Building your first Flatpak

This tutorial provides a quick introduction to building Flatpaks. In it, you will learn how to create a basic Flatpak application, which can be installed and run.

In order to complete this tutorial, you should have followed the setup guide on You also need to have installed flatpak-builder, which is usually available from the same repository as the flatpak package (e.g. use apt or dnf). You can also install it as a flatpak with flatpak install flathub org.flatpak.Builder.

1. Install a runtime and the matching SDK

Flatpak requires every app to specify a runtime that it uses for its basic dependencies. Each runtime has a matching SDK (Software Development Kit), which contains all the things that are in the runtime, plus headers and development tools. This SDK is required to build apps for the runtime.

In this tutorial we will use the Freedesktop 23.08 runtime and SDK. To install these, run:

$ flatpak install flathub org.freedesktop.Platform//23.08 org.freedesktop.Sdk//23.08

2. Create the app

The app that is going to be created for this tutorial is a simple script. To create it, copy the following:

echo "Hello world, from a sandbox"

Now paste this into an empty file and save it as

3. Add a manifest

Each Flatpak is built using a manifest file which provides basic information about the application and instructions for how it is to be built. To add a manifest to the hello world app, add the following to an empty file:

id: org.flatpak.Hello
runtime: org.freedesktop.Platform
runtime-version: '23.08'
sdk: org.freedesktop.Sdk
  - name: hello
    buildsystem: simple
      - install -D /app/bin/
      - type: file

Now save the file alongside and call it org.flatpak.Hello.yml.

In a more complex application, the manifest would list multiple modules. The last one would typically be the application itself, and the earlier ones would be dependencies that are bundled with the app because they are not part of the runtime.

4. Build the application

Now that the app has a manifest, flatpak-builder can be used to build it. This is done by specifying the manifest file and a target directory:

$ flatpak-builder build-dir org.flatpak.Hello.yml

This command will build each module that is listed in the manifest and install it to the /app subdirectory, inside the build-dir directory.

5. Test the build

To verify that the build was successful, run the following:

$ flatpak-builder --user --install --force-clean build-dir org.flatpak.Hello.yml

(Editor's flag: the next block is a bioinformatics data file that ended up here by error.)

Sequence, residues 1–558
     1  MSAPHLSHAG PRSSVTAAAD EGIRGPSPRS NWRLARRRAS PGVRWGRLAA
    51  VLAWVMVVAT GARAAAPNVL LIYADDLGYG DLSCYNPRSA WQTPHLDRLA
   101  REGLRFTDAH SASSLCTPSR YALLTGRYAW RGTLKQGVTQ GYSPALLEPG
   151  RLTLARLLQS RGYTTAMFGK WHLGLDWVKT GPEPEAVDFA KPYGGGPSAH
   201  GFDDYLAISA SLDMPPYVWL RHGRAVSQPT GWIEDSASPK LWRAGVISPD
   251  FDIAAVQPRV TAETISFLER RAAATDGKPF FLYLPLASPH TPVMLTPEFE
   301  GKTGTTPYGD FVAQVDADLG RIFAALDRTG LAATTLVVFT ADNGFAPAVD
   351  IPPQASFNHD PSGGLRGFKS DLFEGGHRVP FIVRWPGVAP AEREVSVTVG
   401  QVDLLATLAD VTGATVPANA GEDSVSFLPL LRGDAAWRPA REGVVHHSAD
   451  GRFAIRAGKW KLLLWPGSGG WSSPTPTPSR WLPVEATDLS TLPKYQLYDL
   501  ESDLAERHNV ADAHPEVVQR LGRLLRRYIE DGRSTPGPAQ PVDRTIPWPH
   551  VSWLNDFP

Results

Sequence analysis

$ flatpak run org.flatpak.Hello

This second time we passed in --force-clean, which means that the previously created build-dir directory was deleted before the new build was started.

Congratulations, you’ve made an app!

6. Put the app in a repository

If you want to share the application you can put it in a repository. This is done by passing the --repo argument to flatpak-builder:

$ flatpak-builder --repo=repo --force-clean build-dir org.flatpak.Hello.yml

This does the build again, and at the end exports the result to a local directory called repo. Note that flatpak-builder keeps a cache of previous builds in the .flatpak-builder subdirectory, so doing a second build like this is very fast.

In order for your application to show up in application stores while testing with a local repository, you might have to run flatpak build-update-repo repo.

For more information how to publish to application stores see MetaInfo files.

7. Install the app

Now we’re ready to add the repository that was just created and install the app. This is done with two commands:

$ flatpak --user remote-add --no-gpg-verify tutorial-repo repo
$ flatpak --user install tutorial-repo org.flatpak.Hello

The first command adds the repository that was created in the previous step. The second command installs the app from the repository.

Both these commands use the --user argument, which means that the repository and the app are added per-user rather than system-wide. This is useful for testing.

Note that the repository was added with --no-gpg-verify, since a GPG key wasn’t specified when the app was built. This is fine for testing, but for official repositories you should sign them with a private GPG key.

8. Run the app

All that’s left is to try the app. This can be done with the following command:

$ flatpak run org.flatpak.Hello

This runs the app, so that it prints ‘Hello world, from a sandbox’.